Not long after we started working Zac’s mom pulled in the driveway to surprise us.  She brought us food, beverages, and most importantly another set of hands to help.

The three of toiled over the trenches, working further to make sure they were deep and clear.  We were challenged by a large stump and by a couple giant rocks.  Both of these interfered with the pipe so they had to go.  It took us quite a while to defeat the obstacles but we did it.  The drainage sleeves were pulled onto our pipes, and a small layer or rock was laid to the bottom of each trench.

Once the thin rock layer was added we dropped in the drainage sleeve, making sure to keep the holes pointed downward.

Why holes pointed down? 

It seemed odd to me, but the answer makes perfect sense.  If we were to place the holes on top, water would need to build up and over the pipe in order for the drain to work.  Because the holes are on the bottom the water will rise up and into the pipe, evacuating to the stream sooner.

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Once the pipe had been laid Zac went over each length to make sure the grade was adequate.  We didn’t go super scientific; all it involved was laying a level on the pipe and making sure the bubble was off-level in the right direction for the entire 100′ length.  Rather than being level we WANT the pitch for the water to run, so as long as the bubble rose to the top of the level we were doing alright.

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Zac finished “leveling” the first and third pipe (or rather off leveling) so mom and I began to cover it all up with rock.

WE MOVED 6000LBS OF STONE

It was heavy and it was tedious…worse going uphill, but we did it.  At least half of it.

We finished placing stone in the first trench and were completely gassed.   I’m not quite ready to cover with dirt…I’m being conservative with stone until I know we have enough.  If we have more, I’m going to make the stone layers thicker.  We placed dirt and sod over one 10-foot section so we could roll our wheelbarrow over it.

Since it began getting late and it was my last night off, I asked Zac and mom to help construct the corral shelter.  I can finish laying stone alone, but I can’t build this myself.  As it turns out the build was a lovely “cool-down.”  It was an easy build and didn’t require nearly as much muscle as I thought it would.  Within 90 minutes the three of us had the corral shelter built and secured.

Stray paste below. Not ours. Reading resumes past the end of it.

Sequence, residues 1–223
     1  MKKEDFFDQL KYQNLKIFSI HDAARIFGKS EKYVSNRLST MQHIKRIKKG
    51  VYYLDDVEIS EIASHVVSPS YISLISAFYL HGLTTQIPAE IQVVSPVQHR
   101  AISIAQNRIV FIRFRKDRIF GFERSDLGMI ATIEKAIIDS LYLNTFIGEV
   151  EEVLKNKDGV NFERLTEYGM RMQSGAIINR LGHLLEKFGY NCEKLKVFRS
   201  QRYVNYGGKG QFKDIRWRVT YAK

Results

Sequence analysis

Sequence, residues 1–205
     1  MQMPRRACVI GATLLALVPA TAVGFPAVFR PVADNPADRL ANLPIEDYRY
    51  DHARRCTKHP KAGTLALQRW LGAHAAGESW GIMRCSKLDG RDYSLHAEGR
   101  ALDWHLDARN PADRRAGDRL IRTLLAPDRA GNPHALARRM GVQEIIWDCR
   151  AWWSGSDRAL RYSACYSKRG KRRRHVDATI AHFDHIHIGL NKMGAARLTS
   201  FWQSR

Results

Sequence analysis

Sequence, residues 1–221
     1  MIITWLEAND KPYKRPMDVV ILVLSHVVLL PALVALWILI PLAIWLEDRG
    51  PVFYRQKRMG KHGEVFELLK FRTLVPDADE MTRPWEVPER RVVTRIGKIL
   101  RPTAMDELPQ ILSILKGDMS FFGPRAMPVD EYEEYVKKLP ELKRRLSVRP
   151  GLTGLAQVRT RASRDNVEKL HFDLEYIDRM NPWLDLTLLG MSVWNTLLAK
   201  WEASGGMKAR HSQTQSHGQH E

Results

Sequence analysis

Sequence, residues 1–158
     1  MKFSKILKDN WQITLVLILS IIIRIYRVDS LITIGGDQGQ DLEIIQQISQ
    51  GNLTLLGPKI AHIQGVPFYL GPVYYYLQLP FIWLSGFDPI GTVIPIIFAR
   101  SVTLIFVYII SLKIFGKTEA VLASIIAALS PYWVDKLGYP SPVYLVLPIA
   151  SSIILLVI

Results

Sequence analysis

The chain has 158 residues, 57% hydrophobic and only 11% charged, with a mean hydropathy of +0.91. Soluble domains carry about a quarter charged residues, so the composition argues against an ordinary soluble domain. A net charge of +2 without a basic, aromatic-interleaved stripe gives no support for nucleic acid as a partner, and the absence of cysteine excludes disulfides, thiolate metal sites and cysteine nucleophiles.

An extra perk?

I finally understand how to use a tie-down!


I’ve very excited and encouraged to see this corral shelter built.  The next steps I need to make is finishing the french drains, hang the gate, string the poly-wire, and connect the solar charger.  I’m a bit concerned about the fence.  I ordered a complete grounding rod kit through Horse.com and it has been back-ordered for quite a while.  I’m holding out  in hopes that it will make it’s way here in time (they are usually very good), but I’m prepared to make a last minute purchase at Tractor Supply if need be.  The shipping estimate is 4/24 so I’ll be ok as long as the back-order date is not prolonged.

It’s been a very productive and wonderful weekend.  My body is bruised and beaten.  My hands are raw, but my heart is very full.

I will leave you with a before and after photo of the second clearing project.  Although a smaller area this was densely covered with leaves and dead trees.  I removed the brush, raked, and even knocked some dead trees down to the ground.  Yes, I pushed, pulled and body checked a few trees and took them down, ripping the roots right out.  It came out quite nice.  Zac even mentioned that it’s hard to imagine there were trees there in the first place.

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2 Comments

  1. Love your horse shelter. There is nothing better than exhaustion from a job well done, is there!. Instead of a chipper we just left all our debris(too much to chip) to stop runoff & loosing precious top soil, it breaks down beautifully, our horses have never hurt themselves on it, I chainsaw off sharp ends & will be planting fodder trees for the horses where the debris was. Thanks for sharing your journey.

    Liked by 1 person

    1. Thank you so much! My hope is to build a more winter friendly shelter by June. We get some bitter winds. That’s such a great idea about the debris…I had started doing that along the trail and it even looks sort of cool.

      Like